Hackers leak 1.4GB database of information after breaching Qatar National Bank
A group of unknown hackers have claimed to have hacked into the servers of Qatar National Bank (QNB), based in Doha and posted online to the whistleblower site Cryptome on April 26. Before uploading on this site, the massive leak was uploaded at Global-Files.net, but it was quickly removed without explanation.
The leaked data, which totals 1.4 GB, apparently includes internal corporate files and sensitive financial data for QNB’s customers, such as passwords, account numbers, and credit card information. Moreover, the hackers also claim to have leaked banking details of the Al-Thani Qatar Royal Family and Al Jazeera journalists.
The leaked documents is separated by several different folders, “some of which are named ‘Al Jazeera,’ ‘Al Thani,’ ‘Defence and etc,’ ‘SPY, Intelligence,’ and ‘Mukhabarat,’” or Qatar’s intelligence agency, according to the Doha News report.
Other documents reportedly belong to alleged French and Polish intelligence agents containing social media accounts, phone numbers, family names and credit card details. In one instance, a file marked “wife”, opens a photo showing a woman and two children. There are roughly a dozen of these intelligence dossiers included in the Qatar data dump.
In the leaked data is a folder for Al Jazeera which contains that contains nearly 30 separate profiles alongside a Microsoft Excel file that holds more than 1,200 records, which includes national ID numbers, telephone numbers and home addresses. Much like the intelligence files, the Al Jazeera disclosure also contains a file by the name of “Spy” with a picture of an unknown man and includes financial details, social media accounts, and passwords.
It is unclear if the data is legit or who was behind the hack/leak or what was their motive. However, according to QNB’s official statement, they commented that “it is QNB Group policy not to comment on reports circulated via social media. QNB would like to take this opportunity to assure all concerned that there is no financial impact on our clients or the Bank.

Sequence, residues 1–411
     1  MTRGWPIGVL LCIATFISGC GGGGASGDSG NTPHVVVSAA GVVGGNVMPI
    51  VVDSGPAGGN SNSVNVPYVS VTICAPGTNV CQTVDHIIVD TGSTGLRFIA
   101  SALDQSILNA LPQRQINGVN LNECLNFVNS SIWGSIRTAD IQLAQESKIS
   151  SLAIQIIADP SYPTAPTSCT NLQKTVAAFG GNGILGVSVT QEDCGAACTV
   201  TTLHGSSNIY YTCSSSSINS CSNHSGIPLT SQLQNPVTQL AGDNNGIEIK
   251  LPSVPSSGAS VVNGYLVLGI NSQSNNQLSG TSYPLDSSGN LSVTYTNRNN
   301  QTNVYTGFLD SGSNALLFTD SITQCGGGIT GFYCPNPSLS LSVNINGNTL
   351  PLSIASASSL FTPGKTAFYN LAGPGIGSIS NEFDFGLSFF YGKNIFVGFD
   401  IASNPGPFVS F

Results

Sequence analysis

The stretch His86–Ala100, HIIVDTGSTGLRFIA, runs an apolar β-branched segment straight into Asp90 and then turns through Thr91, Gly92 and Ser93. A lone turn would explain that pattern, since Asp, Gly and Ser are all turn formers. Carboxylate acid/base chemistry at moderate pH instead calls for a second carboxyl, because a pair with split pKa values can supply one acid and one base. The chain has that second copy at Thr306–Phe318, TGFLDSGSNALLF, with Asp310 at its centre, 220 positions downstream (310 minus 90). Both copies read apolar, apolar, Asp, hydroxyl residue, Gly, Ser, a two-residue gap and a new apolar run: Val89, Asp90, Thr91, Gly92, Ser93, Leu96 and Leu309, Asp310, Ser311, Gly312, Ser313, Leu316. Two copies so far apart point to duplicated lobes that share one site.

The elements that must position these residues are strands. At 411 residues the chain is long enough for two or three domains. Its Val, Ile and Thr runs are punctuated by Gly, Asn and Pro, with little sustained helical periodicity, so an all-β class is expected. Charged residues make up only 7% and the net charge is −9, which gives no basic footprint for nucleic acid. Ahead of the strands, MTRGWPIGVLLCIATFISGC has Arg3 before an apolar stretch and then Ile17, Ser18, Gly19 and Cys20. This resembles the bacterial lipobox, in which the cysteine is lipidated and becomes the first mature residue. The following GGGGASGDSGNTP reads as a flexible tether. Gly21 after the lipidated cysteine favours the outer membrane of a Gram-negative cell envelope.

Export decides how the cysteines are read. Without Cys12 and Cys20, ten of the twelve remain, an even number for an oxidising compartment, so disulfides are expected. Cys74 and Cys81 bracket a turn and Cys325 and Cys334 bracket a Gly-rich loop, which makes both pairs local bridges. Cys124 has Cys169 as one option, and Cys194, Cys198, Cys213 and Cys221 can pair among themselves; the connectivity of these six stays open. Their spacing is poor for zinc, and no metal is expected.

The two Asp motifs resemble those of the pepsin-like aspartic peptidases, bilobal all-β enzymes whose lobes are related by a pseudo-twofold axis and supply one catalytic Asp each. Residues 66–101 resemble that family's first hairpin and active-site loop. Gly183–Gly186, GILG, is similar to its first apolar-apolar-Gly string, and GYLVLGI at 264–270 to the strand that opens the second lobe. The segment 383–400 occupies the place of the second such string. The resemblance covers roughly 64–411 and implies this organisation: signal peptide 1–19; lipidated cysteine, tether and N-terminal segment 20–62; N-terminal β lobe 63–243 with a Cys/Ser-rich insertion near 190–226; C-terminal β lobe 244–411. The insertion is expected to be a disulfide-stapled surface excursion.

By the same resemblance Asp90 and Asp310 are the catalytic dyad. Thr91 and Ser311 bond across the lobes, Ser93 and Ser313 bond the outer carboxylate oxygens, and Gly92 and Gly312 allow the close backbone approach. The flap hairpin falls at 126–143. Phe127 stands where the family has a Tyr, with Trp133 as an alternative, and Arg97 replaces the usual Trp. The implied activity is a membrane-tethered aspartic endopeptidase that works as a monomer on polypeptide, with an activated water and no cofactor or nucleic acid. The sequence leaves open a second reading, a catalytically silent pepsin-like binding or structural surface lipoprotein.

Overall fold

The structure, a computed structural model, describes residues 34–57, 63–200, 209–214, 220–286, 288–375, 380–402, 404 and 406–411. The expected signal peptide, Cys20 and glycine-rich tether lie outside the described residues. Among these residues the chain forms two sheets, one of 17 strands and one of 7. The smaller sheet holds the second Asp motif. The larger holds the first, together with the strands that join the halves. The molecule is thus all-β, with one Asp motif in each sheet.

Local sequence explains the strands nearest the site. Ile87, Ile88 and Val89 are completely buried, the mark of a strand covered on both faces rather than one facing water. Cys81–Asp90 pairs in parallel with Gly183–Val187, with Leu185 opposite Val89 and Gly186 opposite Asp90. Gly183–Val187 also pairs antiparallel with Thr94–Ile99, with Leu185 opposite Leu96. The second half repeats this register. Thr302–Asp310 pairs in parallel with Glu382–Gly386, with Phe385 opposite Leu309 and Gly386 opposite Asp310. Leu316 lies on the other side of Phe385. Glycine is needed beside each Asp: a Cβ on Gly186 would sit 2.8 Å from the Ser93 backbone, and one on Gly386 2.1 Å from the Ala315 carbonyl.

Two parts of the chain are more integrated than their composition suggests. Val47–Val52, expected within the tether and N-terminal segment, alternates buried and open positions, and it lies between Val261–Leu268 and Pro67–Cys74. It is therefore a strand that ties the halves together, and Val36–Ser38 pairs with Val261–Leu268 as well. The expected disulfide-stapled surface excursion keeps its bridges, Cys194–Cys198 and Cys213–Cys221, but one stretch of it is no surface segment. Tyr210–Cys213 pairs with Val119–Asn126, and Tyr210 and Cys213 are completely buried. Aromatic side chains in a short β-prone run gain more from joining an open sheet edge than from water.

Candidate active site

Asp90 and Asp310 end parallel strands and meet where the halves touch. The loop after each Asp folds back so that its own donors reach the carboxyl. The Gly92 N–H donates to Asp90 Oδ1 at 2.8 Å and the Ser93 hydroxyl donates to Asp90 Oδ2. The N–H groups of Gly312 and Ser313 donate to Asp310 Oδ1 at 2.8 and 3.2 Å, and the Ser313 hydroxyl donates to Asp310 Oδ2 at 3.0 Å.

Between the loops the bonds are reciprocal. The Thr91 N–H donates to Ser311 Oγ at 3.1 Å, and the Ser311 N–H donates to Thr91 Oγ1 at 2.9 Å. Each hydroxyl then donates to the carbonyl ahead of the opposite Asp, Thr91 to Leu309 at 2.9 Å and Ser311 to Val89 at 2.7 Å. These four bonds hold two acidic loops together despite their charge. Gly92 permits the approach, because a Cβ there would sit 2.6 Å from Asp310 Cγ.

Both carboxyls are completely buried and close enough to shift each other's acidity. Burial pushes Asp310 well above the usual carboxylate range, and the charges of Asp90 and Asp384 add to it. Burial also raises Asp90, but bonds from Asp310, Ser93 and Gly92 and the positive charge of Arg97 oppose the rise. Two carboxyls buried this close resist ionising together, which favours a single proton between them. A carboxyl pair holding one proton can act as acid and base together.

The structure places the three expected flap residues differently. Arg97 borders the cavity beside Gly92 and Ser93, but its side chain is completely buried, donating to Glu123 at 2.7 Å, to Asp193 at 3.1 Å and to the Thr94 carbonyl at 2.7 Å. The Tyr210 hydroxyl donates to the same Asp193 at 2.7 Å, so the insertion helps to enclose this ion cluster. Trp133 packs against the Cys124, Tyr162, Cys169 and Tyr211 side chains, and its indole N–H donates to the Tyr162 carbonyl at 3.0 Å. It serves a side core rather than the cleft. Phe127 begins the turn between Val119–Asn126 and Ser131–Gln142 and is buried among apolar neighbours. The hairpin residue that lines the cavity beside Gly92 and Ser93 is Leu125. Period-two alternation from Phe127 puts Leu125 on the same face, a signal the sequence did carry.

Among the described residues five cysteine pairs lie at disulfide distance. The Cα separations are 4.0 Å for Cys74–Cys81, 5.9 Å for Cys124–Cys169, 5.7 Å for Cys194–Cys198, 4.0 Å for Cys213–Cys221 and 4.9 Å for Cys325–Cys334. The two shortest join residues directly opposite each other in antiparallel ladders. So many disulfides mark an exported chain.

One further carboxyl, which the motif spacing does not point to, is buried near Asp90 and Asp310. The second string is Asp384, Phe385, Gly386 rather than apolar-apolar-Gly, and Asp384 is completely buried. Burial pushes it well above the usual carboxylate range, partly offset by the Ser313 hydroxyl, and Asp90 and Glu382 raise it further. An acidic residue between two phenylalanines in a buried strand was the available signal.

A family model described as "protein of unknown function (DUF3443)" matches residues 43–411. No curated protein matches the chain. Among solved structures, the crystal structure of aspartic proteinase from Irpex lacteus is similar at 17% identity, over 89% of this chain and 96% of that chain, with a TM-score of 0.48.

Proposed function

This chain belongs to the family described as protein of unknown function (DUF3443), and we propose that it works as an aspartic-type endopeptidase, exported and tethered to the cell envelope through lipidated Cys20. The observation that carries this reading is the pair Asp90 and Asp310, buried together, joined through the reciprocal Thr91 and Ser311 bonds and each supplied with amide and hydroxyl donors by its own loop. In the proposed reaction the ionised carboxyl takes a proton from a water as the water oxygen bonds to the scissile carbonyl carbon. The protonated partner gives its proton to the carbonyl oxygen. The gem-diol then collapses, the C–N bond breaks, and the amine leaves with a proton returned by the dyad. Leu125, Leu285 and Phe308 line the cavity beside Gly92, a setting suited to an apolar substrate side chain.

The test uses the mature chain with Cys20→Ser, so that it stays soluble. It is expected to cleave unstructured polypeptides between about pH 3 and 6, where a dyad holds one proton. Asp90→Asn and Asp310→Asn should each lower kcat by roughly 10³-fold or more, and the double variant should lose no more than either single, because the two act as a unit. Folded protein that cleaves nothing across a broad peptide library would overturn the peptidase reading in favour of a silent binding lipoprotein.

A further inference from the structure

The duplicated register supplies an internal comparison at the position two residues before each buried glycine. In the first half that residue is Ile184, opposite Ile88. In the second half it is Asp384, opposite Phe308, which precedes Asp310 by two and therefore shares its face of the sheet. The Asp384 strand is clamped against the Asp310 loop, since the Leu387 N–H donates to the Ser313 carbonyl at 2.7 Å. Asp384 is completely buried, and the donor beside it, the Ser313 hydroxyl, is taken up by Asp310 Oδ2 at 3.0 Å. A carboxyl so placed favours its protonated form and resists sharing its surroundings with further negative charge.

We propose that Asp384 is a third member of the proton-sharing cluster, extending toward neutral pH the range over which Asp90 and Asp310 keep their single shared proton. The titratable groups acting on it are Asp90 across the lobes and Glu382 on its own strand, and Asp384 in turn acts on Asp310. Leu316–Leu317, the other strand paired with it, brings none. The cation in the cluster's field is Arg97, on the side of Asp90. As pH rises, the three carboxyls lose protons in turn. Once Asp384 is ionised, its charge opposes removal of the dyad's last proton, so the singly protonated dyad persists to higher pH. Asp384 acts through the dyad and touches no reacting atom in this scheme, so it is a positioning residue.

“QNB Group places the highest priority on data security and deploying the strongest measures possible to ensure the integrity of our customers’ information. QNB is further investigating this matter in coordination with all concerned parties,” the bank’s website read.
— Arnaud ?[fzn] (@fznguy) April 25, 2016
Simon Edwards, cybersecurity expert with Trend Micro, who analysed the data said: “The breach seems to be a classic attack on a bank, with the majority of data leaked online exposing customers’ bank account details, such as account numbers, credit cards and addresses.
“There’s also a lot of information on banking transactions, suggesting that the perpetrators were trying to expose specific transactions. This theory can be further strengthened by the hacker’s attempts to profile the bank’s customers into different categories, mostly focusing on Qatar’s TV network along with other foreign agencies, some of which are categorised as ‘spies’.”
He added: “Interestingly, there is also additional data about mainly foreign bank account holders, which includes information such as their Facebook and LinkedIn profiles, along with ‘friends’ associated through those social networks. This data doesn’t appear to have come directly from the bank itself, rather the perpetrator used the data held by the bank to then build up profiles of further targets.”
QNB is one of the Gulf state’s biggest banks operating in more than 27 countries with more than 15,300 employees.